FORT WAYNE – Allen County Council members agreed Thursday to help pay for upgrades to New Haven’s 911 center after New Haven shaved close to $30,000 off its original request.
New Haven Police Chief Steve Poiry and Mayor Terry McDonald attended last month’s council meeting and requested $105,623 after being hit with unexpected licensing and network fees.
They have since scaled back the number of dispatching consoles from three to two, reducing the request to $75,874, Poiry said.
We have two consoles, which we use the majority of the time, and would use the third one in the event of a disaster, Poiry said. Obviously, we would like to have three, but we can get by with two.
The money, which comes from the county’s 911 fund that consists of 911 user fees, will be used to reimburse New Haven for already-completed equipment upgrades.
Councilman Larry Brown, R-4th, suggested New Haven consider cross-training with the Allen County-Fort Wayne 911 call center to become familiar with the city-county’s new center and dispatching equipment.
If anything happened, it would then be a smoother transition, to set up emergency dispatching in the new center, Brown said.
The new city-county 911 center will open Feb. 4 on the sixth floor of the Rousseau Centre in downtown Fort Wayne. Poiry said New Haven’s system will go live at the same time.
If New Haven’s system stalled or shut down, its dispatchers could work from the city-county location with little cross-training because they have the same systems, Poiry said.
I can’t imagine there would be any major hurdles, he said.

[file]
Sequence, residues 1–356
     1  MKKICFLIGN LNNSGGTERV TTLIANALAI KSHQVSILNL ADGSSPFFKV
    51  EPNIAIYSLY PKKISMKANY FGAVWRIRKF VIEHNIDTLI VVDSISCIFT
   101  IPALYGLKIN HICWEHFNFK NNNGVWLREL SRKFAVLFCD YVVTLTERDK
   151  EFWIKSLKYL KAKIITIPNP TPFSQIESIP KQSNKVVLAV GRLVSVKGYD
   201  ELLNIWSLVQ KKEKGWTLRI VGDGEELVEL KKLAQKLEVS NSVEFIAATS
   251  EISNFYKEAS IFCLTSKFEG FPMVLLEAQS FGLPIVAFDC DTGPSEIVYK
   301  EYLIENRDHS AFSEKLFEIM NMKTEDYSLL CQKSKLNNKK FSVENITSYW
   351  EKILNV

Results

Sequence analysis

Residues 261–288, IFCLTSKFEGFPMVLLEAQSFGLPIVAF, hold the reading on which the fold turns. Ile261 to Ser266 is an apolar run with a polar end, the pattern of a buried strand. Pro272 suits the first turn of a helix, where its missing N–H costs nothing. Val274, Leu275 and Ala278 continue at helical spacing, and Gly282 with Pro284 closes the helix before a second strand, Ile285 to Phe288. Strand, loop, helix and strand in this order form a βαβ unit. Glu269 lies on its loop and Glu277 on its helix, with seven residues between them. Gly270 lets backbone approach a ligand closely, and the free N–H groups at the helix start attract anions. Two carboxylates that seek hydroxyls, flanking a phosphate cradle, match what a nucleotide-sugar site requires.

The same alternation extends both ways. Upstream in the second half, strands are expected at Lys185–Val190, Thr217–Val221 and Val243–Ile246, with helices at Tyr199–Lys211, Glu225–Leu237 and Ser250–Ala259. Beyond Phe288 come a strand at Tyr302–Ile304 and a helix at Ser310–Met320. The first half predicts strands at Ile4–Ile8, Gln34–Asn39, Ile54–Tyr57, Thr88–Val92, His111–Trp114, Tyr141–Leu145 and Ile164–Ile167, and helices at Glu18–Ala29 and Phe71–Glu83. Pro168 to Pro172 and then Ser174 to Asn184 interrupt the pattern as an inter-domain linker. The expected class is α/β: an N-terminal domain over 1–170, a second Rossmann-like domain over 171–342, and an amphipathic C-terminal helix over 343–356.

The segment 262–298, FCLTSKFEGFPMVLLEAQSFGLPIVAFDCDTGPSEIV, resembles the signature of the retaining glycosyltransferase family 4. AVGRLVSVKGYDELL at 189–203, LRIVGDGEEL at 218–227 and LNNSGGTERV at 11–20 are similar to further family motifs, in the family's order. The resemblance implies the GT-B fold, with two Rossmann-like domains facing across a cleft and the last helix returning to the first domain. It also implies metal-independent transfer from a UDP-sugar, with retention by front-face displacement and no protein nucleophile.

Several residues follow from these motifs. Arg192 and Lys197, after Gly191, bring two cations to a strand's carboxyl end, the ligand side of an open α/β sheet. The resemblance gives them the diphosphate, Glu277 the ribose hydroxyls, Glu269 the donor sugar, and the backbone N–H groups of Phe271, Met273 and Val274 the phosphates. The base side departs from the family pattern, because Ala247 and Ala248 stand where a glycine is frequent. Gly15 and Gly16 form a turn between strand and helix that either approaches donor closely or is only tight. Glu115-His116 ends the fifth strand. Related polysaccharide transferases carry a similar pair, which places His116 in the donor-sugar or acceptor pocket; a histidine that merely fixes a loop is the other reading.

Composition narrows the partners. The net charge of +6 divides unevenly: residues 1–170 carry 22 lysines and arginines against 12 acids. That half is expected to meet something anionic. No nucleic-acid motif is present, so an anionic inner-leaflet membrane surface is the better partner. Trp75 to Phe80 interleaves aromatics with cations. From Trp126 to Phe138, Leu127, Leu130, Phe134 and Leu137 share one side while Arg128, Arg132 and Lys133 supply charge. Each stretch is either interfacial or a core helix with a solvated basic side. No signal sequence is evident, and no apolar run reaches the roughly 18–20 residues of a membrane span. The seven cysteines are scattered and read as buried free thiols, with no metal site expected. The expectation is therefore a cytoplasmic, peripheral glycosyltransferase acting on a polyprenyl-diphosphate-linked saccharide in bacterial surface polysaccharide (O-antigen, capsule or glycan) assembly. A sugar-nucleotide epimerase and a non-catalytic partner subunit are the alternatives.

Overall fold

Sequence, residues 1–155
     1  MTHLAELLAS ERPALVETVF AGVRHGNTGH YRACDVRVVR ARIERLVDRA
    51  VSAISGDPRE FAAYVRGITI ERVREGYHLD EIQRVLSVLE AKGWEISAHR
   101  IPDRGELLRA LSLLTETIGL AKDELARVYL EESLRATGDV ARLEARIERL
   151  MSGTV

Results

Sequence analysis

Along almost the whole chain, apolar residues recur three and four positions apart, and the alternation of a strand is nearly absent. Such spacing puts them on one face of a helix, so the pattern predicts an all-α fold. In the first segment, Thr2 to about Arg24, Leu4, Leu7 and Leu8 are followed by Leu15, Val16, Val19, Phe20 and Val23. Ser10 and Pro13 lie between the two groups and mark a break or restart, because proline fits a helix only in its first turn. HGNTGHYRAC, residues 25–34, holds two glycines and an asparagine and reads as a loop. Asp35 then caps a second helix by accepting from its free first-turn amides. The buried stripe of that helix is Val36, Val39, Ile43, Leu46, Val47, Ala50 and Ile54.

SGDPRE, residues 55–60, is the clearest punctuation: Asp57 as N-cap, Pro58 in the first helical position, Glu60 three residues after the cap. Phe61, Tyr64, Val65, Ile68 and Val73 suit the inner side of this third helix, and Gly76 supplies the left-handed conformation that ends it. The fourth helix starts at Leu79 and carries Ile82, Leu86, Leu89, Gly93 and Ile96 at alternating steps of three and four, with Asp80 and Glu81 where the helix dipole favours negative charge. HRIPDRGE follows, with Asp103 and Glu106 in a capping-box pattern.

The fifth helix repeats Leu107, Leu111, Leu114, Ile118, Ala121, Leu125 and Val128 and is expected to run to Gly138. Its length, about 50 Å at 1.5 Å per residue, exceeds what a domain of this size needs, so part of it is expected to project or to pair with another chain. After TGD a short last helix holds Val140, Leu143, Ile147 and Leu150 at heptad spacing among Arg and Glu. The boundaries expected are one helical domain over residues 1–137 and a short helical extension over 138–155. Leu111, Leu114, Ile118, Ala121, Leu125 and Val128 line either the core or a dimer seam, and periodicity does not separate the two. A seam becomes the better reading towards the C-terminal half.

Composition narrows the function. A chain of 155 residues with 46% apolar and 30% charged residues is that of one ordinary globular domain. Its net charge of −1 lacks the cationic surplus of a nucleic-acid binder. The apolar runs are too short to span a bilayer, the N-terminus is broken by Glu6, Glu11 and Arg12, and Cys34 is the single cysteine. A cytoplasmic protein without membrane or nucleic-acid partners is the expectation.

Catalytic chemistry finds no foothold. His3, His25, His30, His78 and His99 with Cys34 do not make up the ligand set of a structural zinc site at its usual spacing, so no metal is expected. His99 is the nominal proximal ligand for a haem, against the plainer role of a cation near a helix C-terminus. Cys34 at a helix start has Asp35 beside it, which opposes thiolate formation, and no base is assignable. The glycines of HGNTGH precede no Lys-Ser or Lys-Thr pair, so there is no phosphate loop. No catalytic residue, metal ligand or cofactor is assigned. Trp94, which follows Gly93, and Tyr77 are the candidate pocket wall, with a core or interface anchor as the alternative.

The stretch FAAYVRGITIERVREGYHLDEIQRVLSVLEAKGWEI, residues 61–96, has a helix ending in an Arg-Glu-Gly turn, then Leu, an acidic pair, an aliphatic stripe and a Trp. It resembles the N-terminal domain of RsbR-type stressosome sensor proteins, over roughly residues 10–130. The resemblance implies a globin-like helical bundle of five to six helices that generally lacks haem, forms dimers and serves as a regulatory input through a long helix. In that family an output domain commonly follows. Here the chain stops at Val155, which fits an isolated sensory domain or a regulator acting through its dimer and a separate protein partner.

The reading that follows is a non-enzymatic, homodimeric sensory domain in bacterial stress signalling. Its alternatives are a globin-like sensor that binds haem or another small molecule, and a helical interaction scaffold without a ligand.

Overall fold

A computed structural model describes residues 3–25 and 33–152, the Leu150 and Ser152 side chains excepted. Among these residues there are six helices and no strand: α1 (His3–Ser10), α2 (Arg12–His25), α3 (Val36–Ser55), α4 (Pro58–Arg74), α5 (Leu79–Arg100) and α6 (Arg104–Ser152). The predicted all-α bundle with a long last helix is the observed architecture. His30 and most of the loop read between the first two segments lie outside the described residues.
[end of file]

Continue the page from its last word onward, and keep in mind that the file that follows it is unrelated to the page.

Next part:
New Haven is not opposed to looking into working with the new director of the city-county 911 center after that person is hired, Poiry said. Executive Director Tim Lee resigned last week to accept a similar job in Florida.
What would make more sense, Poiry said, would be for New Haven’s staff to familiarize themselves with the Public Safety Academy.
The academy on Fort Wayne’s south side is an emergency backup location for the city-county 911 center.
New Haven has never participated in the city-county’s shutdown drills – conducted every six months – at the Public Safety Academy because it has never been invited, Poiry said. Brown said New Haven has been a working partner and did its part to reduce the funding request.
It’s not a case of we’ and they,’ he said. New Haven is part of Allen County.
In other business:
The council set the annual salaries of certain chief deputies to 75 percent of the salary of the department’s chief elected official. The ordinance will be reviewed annually, and elected officials can come to the council to request higher salaries for their chief deputies, if warranted.
The change would prevent a new chief deputy from being paid at the same level as a departing chief deputy who might have had more tenure and experience, County Auditor Tera Klutz said.
The policy excludes departments – such as the sheriff’s – where salaries are set by the state. Other such departments include the clerk, auditor, treasurer, county assessor, Wayne Township assessor and voter registration.
Allen County Sheriff Ken Fries’ department will get 11 new squad cars and six SUVs after council members agreed to chip in $200,000 toward the $430,268 cost. The remaining balance will be paid with jail commissary funds.
The new vehicles are expected to be delivered by the end of January, Fries said.